Review by Gordon Justesen
Stars: John Travolta,
Lisa Kudrow, Tim Roth, Ed OíNeill, Michael Rapaport, Bill Pullman
Director: Nora Ephron
Audio: Dolby Digital 5.1, Dolby Surround, French Dolby Surround
Video: Widescreen 1.85:1 Anamorphic Transfer
Features: Trailer, Cast and Crew Interviews, Commentary
Length: 105 Minutes
Release Date: March 20, 2001
was both a success and a failure at the same time. I consider it a huge success
for the star, John Travolta, whose previous film was the debacle known as Battlefield
Earth. Ironically, Lucky Numbers wasnít too lucky at the box
office, ranking in even less numbers than Battlefield Earth did.
Thankfully, it did garner few more positive reviews, and proved that Mr.
Travolta, like any brilliant actor, can bounce back from a movie disaster and
deliver his absolute best. Travolta is at his most charming, charismatic best in
a film that allows him to go the comic distance and make such an irresistible
fool of himself in a character that is memorably goofy, and realistic at the
same time. In short, Battlefield Earth deserved to be the mega-flop that
it was, but I wished that Lucky Numbers had found its audience, because I
consider it to be one of the more superbly witty comedies of recent memory.
The movie is
supposedly inspired by actual events that occurred in Harrisburg, PA in 1988.
Travolta stars as Russ Richards, a local TV weatherman who is also
Harrisburgís biggest celebrity. His face appears on just about every billboard
in town, he is the proud owner of a snowmobile dealership, and he also has his
own reserved table at Dennyís. But even a celebrity has their flaws, and Russ
currently has a big one. Receiving a notice of foreclosure, Russ realizes heís
in a huge amount of debt. His boss (Ed OíNeill), refuses to loan him any more
money. He then turns to a friend of his named Gig (Tim Roth), who runs a strip
club and has numerous criminal ties, for help. The two then plan to stage a
phony robbery at the snowmobile dealership. By doing this, Russ will earn back
more than what he loses by way of his insurance. When that plan gets seriously
botched, Gig comes up with a better plan. He convinces Russ that rigging the
state lottery would be a far better and more legit way of getting the quick cash
he needs. The lottery winning stand at 6.4 million dollars, which is more than
enough to get Russ out of debt. He also happens to be sleeping with Crystal
(Lisa Kudrow), who works as the lotto girl for the network, which makes it very
easy to convince her to play a part in the scheme.
Of course, a plan is
known as a list of things that never happen, and thatís just about what
happens in Lucky Numbers. Following the rigging of the lottery, Russ and
Crystal realize that they need someone else to cash in the ticket. The first
attempt involves the use of Crystalís cousin (Michael Moore) who has asthma.
Once that element goes downhill, every possible cohort of the scheme wants their
cut. Russís boss, who suspects him and Crystal, wants half the money or will
expose the two. An associate of Gigís named Dale the Thug (Michael Rapaport),
who frequently has to break fingers for Gig, wants a good share of the dough as
well. And Gig himself has already been guaranteed twenty percent of the loot.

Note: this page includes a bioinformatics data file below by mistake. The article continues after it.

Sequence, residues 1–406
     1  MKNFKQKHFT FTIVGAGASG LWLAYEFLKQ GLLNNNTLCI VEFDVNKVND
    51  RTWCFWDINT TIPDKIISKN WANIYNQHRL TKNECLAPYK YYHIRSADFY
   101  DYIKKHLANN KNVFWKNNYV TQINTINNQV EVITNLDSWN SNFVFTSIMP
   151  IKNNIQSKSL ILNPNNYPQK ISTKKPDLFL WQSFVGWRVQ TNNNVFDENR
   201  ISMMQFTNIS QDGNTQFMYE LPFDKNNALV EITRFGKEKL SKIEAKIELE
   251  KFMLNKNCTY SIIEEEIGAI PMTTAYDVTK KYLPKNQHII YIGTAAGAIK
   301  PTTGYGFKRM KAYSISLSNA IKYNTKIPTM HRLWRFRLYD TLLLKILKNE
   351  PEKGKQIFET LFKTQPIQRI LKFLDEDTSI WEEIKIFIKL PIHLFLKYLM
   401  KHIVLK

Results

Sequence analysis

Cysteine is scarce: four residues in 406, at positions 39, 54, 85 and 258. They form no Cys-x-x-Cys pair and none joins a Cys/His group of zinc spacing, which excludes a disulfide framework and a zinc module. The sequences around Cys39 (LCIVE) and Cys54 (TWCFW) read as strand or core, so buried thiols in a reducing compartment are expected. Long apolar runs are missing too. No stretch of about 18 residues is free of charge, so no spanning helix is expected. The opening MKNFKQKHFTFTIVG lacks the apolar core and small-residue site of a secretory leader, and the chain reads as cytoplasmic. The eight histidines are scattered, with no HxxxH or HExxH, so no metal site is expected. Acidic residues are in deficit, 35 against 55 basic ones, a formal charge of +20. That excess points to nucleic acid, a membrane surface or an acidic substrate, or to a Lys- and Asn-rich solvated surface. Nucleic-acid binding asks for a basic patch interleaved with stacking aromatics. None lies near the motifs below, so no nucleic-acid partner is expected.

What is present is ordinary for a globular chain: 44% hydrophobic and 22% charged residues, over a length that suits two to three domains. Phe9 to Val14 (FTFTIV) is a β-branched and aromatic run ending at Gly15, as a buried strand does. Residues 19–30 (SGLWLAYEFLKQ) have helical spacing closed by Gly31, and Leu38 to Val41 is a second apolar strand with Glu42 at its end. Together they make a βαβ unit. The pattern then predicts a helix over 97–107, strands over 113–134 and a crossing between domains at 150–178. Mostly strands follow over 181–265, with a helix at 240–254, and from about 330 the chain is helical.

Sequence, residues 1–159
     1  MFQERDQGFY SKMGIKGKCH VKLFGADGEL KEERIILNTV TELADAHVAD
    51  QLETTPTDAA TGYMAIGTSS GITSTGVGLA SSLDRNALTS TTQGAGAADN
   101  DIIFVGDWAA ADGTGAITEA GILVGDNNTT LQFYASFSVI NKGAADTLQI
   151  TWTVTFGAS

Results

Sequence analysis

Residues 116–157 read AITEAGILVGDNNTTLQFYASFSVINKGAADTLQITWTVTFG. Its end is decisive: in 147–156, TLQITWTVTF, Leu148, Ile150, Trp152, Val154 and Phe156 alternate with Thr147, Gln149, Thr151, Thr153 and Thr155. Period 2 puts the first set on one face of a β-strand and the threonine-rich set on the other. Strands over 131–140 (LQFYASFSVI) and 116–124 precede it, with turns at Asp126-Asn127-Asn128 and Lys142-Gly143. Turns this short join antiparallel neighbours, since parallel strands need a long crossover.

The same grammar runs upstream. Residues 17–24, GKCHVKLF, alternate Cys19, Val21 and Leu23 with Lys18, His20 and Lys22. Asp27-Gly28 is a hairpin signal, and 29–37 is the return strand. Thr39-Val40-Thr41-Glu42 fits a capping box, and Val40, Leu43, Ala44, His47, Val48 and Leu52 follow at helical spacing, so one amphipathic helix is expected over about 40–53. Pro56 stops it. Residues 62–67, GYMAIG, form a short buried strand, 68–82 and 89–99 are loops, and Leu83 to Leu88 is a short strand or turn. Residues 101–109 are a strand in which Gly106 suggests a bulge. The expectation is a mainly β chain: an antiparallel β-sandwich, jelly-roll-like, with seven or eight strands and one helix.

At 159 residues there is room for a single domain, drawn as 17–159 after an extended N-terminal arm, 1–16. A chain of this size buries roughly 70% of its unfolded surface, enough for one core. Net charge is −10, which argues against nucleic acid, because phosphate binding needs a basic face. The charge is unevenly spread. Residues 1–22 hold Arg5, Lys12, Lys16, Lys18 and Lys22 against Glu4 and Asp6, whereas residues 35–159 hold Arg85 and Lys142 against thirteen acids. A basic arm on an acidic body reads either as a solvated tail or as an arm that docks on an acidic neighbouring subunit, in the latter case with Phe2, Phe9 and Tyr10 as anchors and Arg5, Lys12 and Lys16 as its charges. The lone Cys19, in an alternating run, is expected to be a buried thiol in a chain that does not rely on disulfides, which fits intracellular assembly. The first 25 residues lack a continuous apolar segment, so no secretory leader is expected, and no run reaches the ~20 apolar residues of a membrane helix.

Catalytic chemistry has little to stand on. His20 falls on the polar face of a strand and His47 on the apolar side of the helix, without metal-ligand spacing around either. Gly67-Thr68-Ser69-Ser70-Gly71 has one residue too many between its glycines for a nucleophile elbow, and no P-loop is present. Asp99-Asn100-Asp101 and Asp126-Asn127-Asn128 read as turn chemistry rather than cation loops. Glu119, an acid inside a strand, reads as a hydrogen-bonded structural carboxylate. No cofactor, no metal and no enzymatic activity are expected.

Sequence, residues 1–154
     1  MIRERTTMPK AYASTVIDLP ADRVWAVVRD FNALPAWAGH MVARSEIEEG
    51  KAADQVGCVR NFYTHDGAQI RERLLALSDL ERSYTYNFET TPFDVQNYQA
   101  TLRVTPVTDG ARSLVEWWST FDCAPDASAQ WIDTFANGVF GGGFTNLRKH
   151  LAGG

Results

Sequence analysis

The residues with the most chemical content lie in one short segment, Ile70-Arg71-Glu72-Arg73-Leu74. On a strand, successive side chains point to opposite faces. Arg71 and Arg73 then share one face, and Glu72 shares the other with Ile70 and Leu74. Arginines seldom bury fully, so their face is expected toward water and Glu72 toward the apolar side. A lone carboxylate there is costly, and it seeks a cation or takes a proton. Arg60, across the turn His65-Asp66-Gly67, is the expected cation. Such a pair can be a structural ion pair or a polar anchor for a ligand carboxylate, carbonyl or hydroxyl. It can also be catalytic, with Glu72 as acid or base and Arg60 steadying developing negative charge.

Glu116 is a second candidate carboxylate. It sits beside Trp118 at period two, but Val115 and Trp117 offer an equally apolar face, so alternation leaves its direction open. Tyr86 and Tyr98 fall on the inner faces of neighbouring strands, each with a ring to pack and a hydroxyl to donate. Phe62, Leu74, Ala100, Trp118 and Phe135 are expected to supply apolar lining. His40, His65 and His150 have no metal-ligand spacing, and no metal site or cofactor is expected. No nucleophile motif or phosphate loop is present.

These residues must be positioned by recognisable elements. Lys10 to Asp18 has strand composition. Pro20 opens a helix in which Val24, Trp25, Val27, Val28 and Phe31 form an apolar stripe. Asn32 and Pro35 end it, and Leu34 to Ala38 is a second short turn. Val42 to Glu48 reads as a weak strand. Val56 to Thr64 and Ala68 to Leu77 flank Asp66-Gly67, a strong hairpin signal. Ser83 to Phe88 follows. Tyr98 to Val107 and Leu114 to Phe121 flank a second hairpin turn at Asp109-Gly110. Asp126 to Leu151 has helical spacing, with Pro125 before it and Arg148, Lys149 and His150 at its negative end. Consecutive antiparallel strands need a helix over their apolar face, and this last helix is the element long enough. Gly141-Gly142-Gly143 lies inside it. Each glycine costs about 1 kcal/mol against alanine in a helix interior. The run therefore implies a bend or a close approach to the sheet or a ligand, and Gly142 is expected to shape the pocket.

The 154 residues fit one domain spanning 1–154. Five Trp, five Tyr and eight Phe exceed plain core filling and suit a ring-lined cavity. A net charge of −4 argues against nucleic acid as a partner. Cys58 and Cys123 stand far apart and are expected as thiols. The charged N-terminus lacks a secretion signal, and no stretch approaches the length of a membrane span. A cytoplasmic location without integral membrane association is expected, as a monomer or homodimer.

Russ about now realizes that heíll be right back in debt.
Most of the
characters in Lucky Numbers arenít particularly likeable, but the movie
remains fun anyway. John Travolta hasnít done many comedies lately, and his
turn as loveable goofball Russ Richards is one of his most delightful
performances yet. Russ is cocky, charismatic, charming, and self-centered to a
degree, but I still found myself rooting for him anyway. Lisa Kudrow is at her
usual smarminess as Crystal, the ultimate bimbo who is clearly ruthless,
self-centered and nothing more. And although Iíve seen Michael Rapaport play
the character he plays in this movie countless times, he still comes off
hysterical. Thereís another funny performance in the movie from Bill Pullman
as perhaps the most inept cop to ever grace the screen since Frank Drebin in The
was simply a winner for me. The movie is consistently witty and sharp, and
filled with genuinely winning comedic performances from itís stars. Fans of
Mr. Travolta should not hesitate to check this movie out, as it is winning proof
that he has risen from the ashes of Battlefield Earth and returned to
superb top form.
Paramount turns up
yet another impressive video transfer with this release. Anamorphically
enhanced, this widescreen presentation is clear and supremely sharp for the most
part, give or take a few soft images in a couple of darkly lit scenes, but other
than that, the picture is of superb form, with terrific color image and
An all around nice job on the audio, for a film thatís
mostly made up of dialogue, and occasional music bits from the 80s. Paramount
offers up both a Dolby Digital 5.1 track, as well as 2.0 Dolby Surround in both
English and French. Sound is mostly of clear and crisp order.
A moderate use of extras from Paramount this time around. Featured on this disc is a commentary by director Nora Ephron, a cast and crew interview segment, and a trailer for the film. This has been the standard form of features use from Paramount, so lets hope it doesnít get any lower than this for future releases.
Fans of dark comedies
will definitely get a kick out of Lucky Numbers. A movie that is
definitely a lighter version of such films as A Simple Plan and Fargo,
and with a winning comic tone, which is fueled by Mr. Travoltaís winning